On Earth Day, we should celebrate Canada’s environmental track record
We often hear misleading statements about how Canada fares poorly on environmental performance. But many people might be surprised to learn that, contrary to common rhetoric, Canada’s environment is improving.
And today—Earth Day—a day that reminds us of the importance of taking care of our planet, we can reflect on the progress we’ve made on several key environmental measures over the last few decades.
Consider air quality. A 2017 study, which examined emissions and the amount of pollutants in the air (ambient concentrations) including ground level ozone, fine particulate matter, sulphur dioxide, nitrogen dioxide and carbon monoxide, showed how Canada’s air quality has improved considerably over the last four decades.
For instance, ambient levels of ground-level ozone, a key component of urban smog, decreased 27 per cent from 1979 to 2015. Similarly, national levels of sulphur dioxide, a pollutant largely associated with the combustion of oil and coal, plummeted by 92 per cent since the 1970s. Canada also experienced substantial reductions in nitrogen dioxide and carbon monoxide—two pollutants largely associated with automobiles—with national levels decreasing by 74 per cent and 90 per cent, respectively, from 1974 to 2015.
Interestingly, these reductions happened despite considerable growth in population, energy use, motor fuel consumption and the Canadian economy, which means Canada has effectively managed to decouple air pollution from economic growth.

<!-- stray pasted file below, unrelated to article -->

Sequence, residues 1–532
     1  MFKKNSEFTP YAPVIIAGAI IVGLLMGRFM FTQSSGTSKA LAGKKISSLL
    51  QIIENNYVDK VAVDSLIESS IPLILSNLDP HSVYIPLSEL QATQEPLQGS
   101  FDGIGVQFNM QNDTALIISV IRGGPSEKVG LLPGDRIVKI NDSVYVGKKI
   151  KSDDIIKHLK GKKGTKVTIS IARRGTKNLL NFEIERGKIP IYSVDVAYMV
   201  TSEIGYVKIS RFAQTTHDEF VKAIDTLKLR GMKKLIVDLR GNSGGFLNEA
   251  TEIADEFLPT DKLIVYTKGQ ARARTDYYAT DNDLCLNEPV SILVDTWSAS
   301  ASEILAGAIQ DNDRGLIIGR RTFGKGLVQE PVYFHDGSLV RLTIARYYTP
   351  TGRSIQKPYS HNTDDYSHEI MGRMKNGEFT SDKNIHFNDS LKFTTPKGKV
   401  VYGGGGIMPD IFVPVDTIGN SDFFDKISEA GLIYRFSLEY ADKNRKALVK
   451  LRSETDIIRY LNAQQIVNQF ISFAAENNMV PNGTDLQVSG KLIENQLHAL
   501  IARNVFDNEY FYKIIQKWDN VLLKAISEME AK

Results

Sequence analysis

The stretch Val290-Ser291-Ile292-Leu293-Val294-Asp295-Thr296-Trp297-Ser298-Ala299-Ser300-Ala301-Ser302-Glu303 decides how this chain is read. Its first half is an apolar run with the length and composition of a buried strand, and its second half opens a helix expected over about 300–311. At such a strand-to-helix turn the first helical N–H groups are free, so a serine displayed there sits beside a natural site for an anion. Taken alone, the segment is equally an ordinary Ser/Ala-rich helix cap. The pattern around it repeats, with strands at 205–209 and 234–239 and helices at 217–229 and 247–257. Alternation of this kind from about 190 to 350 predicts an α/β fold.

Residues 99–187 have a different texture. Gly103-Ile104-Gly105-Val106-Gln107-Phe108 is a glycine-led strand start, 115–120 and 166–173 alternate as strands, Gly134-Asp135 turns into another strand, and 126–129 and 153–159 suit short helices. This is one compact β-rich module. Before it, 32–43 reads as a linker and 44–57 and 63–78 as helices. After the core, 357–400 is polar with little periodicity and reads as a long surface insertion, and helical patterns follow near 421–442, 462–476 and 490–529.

Now consider water quality. A 2018 study looked at the state of Canada’s freshwater resources, evaluating the quantity and quality of Canada’s freshwater. According to federal government data from monitoring stations across the country, 90 per cent of Canadian rivers had normal or above-normal water quantity while only 10 per cent had lower-than-normal water quantity.
Most water quality measures indicate stable or modest improvements over the past few years, with reductions in the amount of pollution entering our waterways. Despite some localized issues primarily in the Great Lakes and St. Lawrence River regions, the study found improvements in several areas including municipal wastewater treatment, regulatory compliance of mining operations, and releases of metals into waters from pulp and paper plants and sewage treatment plants.
And that’s not all. Canadians are disposing less solid waste when we account for population and economic activity. Indeed, per-capita solid waste disposal declined by 10 per cent between 2002 and 2018. And solid waste disposal intensity, which measures the tonnes of solid waste disposed per unit of economic output (i.e. GDP), declined by almost 30 per cent during the same time period. This suggests Canada has successfully decoupled solid waste disposal from economic growth as well.
Additionally, Canada’s electricity production is one of the cleanest in the world largely due to our abundance of hydro and nuclear power. Consequently, Canada has shown a significant improvement in decarbonizing electricity by reducing its generation intensity by 40 per cent since the 1990s. In other words, not only do we have a virtually decarbonized electricity grid but every kilowatt we generate is now cleaner than ever.
In terms of greenhouse gas emissions, Canada has also shown progress by reducing its emissions intensity (GHG emissions per unit of economic activity) over the past two decades. Specifically, between 1990 and 2019, Canada’s emissions intensity declined by 37 per cent.
Regardless of the progress we’ve made on our environmental stewardship, there’s always room for improvement. But Canadians should be proud of the progress we’ve made on several key environmental measures.
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